Think again: The vision of Avraham

Few French rabbis have made aliya along with their congregants, as they have seen their primary responsibility to those still remaining in France.

Wall of Jerusalem's old city lit up in colors of French flag (photo credit: MARC ISRAEL SELLEM/THE JERUSALEM POST)
Wall of Jerusalem's old city lit up in colors of French flag
Our Sages say that God sends the cure before the affliction. And we are witnessing that today with respect to the education of new immigrant Jewish children from France.
The Shuvu Orthodox school system created a quarter century ago for new immigrants from the former Soviet Union is today proving itself as the best possible solution for many French-speaking children from traditional homes.
Shuvu had its beginnings in an impassioned speech delivered by the late Rabbi Avraham Pam at the 1989 convention of Agudat Yisrael of America, in which he called upon American Orthodoxy to take responsibility for providing a Jewish education for hundreds of thousands of immigrant children arriving from the FSU.
Rabbi Pam had intended to speak about business ethics, but when Rabbi Avraham Yosef Leizerson from Hinuch Atzma’i gave him a dramatic report about the Jewish children arriving from the FSU, he realized that was the call of the hour. Rabbi Pam remained fully involved in Shuvu, even being brought from the hospital in an ambulance for one parlor meeting, until his death in 2001.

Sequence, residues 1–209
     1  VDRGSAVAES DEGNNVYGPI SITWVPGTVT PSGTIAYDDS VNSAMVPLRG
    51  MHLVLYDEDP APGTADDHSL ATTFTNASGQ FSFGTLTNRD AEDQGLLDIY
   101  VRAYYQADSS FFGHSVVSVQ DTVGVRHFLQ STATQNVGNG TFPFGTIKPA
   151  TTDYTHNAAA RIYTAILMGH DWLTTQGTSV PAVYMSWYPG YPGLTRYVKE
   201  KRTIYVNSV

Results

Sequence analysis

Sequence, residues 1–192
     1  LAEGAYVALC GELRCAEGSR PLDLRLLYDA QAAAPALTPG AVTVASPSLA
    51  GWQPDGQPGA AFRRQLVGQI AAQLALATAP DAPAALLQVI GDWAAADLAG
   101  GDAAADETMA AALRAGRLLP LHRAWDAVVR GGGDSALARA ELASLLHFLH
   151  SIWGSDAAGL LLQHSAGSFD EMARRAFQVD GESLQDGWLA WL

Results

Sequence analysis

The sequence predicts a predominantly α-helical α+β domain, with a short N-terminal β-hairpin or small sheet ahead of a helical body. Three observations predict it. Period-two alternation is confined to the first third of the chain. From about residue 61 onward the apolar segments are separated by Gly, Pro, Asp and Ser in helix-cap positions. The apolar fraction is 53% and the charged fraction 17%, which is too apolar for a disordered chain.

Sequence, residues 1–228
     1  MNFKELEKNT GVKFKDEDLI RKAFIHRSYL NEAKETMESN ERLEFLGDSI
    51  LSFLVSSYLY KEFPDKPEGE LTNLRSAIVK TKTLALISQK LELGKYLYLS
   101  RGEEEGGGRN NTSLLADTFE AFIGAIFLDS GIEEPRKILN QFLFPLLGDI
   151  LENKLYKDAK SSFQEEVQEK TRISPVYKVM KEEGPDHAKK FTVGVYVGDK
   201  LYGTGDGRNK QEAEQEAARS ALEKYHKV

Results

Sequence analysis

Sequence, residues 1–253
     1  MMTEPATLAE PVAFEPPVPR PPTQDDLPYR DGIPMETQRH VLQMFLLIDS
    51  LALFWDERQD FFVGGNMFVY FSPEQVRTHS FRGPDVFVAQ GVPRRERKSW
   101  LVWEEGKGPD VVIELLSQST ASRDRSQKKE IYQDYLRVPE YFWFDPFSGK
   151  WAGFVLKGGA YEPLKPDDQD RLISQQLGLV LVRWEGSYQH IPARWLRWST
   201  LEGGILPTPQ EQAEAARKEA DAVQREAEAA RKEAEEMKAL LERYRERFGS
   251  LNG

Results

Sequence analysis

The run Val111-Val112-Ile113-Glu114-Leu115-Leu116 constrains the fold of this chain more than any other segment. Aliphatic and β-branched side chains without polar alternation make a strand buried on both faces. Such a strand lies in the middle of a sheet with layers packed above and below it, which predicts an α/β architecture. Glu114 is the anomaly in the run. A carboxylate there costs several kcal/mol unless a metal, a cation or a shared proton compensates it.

Shuvu’s immediate task was figuring out how a religious school system could attract students from a population cut off from any possibility of a Jewish education for 70 years. The first answer was by providing a superior secular education.
Shuvu schools start computer training and English in earlier grades than the state system, and cover, on average, 20 to 25 percent more math material per age (with correspondingly excellent results in the Math Olympiad).
Shuvu has signed up to institute the Mofet enriched science and math curriculum (developed by Russian-speaking immigrants) in all its junior high schools and high schools next year.
All this is expensive. Shuvu has to raise $6 million in private contributions per year.
The second attraction was offering a level of school discipline and decorum much closer to what the new immigrants were used to in the FSU. In a survey of Shuvu parents, most of whom had previous experience with the state school system, 84% said there was less violence in their Shuvu school; 80% that the cultural level was higher; and 70% that the decorum was higher. And most remarkably, at a time when Israeli students expressed the lowest levels of educational satisfaction of 28 industrialized nations, 84% of parents described their children as enjoying school a lot or very much.
AT FIRST glance, the immigrant population from the FSU and the French immigrants of today could not be farther apart. Most of the immigrants from the FSU (with the exception of some from the Muslim republics) had little or no Jewish background, as the Soviets made a concerted effort to wipe out religious life. The French immigrants, by contrast, are largely traditional. To date, most of the new immigrant French children have been sent to state religious schools, which vary widely in quality.
Yet the Shuvu model of enriched Jewish studies and superior secular studies has proven adaptable to the French children as well. Shuvu’s Netanya school has absorbed 160 French-speaking children and expects to enroll another 60 to 90 by the opening of the new school year.